Tuesday February 26, 2019
In the last week, Kenya surprisingly seem to have heavily adopted a Machiavellian foreign relation that a state touching once own should be considered as one to be subdued.
Kenya is currently embroiled in a bitter diplomatic fallout with the Republic of Somalia over maritime territorial border on the Indian Ocean, accusing Somalia of auctioning oil blocs to prospective bidders on a disputed territory.
Kenya went ahead recalling its ambassador for further consultation which was in order but erred in sending the Somalia ambassador to Kenya back to his home country – a hostile gesture used to demonstrate intent of a country to scale down diplomatic relations with the other.
That was not all, Kenya issued a strongly worded statement lacking the magnanimity of diplomacy and friendly relations, threatening to defend its territorial integrity at all cost saying it considers those involved directly and indirectly in the oil bloc auction on its borders as enemies of the State and adversaries of the Kenyan people.
More shocking, these harsh words depicting drums of war are coming out despite the fact that this territorial dispute is already before an international arbiter, the International Criminal Justice.
In the same Machiavellian foreign relation script, Kenya seem to have also adopted the concept Nixon and Kissinger perfectly executed with China against Soviet Union that a distant state that borders the “enemy” should be considered a friend. Kenya is set to open a diplomatic office in Hargeisa the capital of break-away Somaliland – which Somalia has vehemently rejected its call for independence and international recognition, a move that undermines Republic of Somalia’s one Somalia policy.
It is not the first time that Kenya finds itself in a territorial dispute, it already has one with Uganda over Migingo island on Lake Victoria and South Sudan over the Elmi triangle but has chosen to use peaceful and diplomatic dispute resolution. So why has Kenya surprisingly chosen to go wildly combative and confrontational in the case of Somalia??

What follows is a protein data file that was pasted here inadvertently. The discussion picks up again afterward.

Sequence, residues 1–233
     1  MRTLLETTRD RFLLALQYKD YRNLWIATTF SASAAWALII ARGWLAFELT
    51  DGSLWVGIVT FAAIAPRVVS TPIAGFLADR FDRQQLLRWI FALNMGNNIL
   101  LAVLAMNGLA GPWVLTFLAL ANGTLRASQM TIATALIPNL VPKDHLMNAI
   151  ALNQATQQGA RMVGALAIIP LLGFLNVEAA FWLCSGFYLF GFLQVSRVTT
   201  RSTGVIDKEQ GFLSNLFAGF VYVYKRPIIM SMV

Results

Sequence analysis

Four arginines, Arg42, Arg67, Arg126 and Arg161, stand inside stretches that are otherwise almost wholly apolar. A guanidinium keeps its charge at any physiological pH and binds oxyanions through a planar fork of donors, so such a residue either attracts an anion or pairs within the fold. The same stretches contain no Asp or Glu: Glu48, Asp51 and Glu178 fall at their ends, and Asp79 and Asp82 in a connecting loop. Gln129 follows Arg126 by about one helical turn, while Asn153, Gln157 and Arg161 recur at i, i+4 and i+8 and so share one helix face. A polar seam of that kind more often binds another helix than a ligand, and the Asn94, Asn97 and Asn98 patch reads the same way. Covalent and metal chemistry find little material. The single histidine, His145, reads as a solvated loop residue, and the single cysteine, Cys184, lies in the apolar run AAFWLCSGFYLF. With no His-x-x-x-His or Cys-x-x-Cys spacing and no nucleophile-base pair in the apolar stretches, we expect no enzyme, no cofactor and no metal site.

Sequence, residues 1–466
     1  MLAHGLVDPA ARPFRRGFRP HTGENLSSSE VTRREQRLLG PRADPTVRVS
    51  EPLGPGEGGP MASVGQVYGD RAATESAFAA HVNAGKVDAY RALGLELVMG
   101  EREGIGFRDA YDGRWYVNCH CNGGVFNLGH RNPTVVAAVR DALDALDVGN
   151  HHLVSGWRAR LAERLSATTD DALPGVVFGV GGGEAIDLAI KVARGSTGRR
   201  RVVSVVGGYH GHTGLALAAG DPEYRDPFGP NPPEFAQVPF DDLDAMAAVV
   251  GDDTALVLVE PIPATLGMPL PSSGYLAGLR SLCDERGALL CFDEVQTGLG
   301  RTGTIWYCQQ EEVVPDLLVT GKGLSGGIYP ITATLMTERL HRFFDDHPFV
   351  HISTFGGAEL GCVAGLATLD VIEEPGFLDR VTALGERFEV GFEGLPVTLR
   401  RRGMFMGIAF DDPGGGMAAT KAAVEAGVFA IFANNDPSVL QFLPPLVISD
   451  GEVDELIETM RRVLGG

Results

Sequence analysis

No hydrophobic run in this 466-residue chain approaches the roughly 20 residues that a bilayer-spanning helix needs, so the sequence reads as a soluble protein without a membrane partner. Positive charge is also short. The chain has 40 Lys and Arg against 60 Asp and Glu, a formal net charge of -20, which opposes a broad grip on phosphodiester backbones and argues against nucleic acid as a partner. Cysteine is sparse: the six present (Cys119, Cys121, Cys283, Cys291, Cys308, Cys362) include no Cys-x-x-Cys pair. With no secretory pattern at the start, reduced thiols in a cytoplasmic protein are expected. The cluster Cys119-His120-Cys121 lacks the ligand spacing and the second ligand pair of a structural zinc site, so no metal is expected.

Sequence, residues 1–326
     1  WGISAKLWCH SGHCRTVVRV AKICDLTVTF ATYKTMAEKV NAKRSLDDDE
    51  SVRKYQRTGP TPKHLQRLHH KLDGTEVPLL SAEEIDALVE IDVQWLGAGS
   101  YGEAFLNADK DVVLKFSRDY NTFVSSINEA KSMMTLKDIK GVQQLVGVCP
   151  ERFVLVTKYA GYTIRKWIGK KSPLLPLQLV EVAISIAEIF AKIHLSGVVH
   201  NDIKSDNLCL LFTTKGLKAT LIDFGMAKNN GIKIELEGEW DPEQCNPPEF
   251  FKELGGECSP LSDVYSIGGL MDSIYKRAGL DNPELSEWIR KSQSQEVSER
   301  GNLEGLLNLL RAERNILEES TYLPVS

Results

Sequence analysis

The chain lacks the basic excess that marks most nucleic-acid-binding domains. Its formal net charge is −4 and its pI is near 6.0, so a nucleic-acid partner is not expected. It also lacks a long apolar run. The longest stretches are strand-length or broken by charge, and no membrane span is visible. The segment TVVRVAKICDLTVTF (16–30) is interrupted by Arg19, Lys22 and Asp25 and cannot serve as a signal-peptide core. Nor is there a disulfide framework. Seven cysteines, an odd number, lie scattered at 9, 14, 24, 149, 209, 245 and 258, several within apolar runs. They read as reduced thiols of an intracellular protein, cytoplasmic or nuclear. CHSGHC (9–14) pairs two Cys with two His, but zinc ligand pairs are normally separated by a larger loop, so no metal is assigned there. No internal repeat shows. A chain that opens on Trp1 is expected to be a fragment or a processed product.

In 1954, the term “blowback” was first used by CIA in a report about the agency’s secret involvement the previous year in replacing Mohammed Mossadegh with Reza Shah Pahlavi as the leader of Iran. The word refers to the unintended consequences of a covert action that ultimately undercuts the effort’s intent – an eventuality that came to pass in Iran when hostility towards the Shah regime led to Ayatollah Khomeini’s revolution. To this day, the US is paying a steep price for its role in trying to manipulate Iran affairs more than five years ago.
It’s this kind of blowback price that awaits Kenya for courting hostilities with Somalia and failing to analyze the sensitivity needed to handle this territorial dispute.
In their book “Inside Al-Shabaab” Harun Maruf and Dan Joseph quote French analyst Roland Marchal that Ethiopia’s major blunder was the failure to analyze its historical tension with Somalia stemming from differences over territory, resources and regional power when it went into to stabilize Somalia in 2007.
Their presence was a provocation to locals who many believed were just scheming to take over the country playing into Islamist hands who saw an opportunity to plant seeds of suspicion and distrust in the locals by playing those fears and called on Somali people to fight forces that want to change the map of Somalia. Many Somalis even in the diaspora closed ranks with the Islamic militant making Al Shabaab a powerful militant movement.
Kenyan has its soldiers in Somalia and such aggression is likely to provoke emotions of local perceiving them as occupational forces, a blow back to stabilizing Somalia, stemming Islamic radical extremism and securing regional stability.
The long-term interest of Kenya lies in having the Republic Somalia as a friendly neighbour and at the same time act as one just as it relates with its other neighbours because history explicitly has it that it’s costly to be a hostile neighbour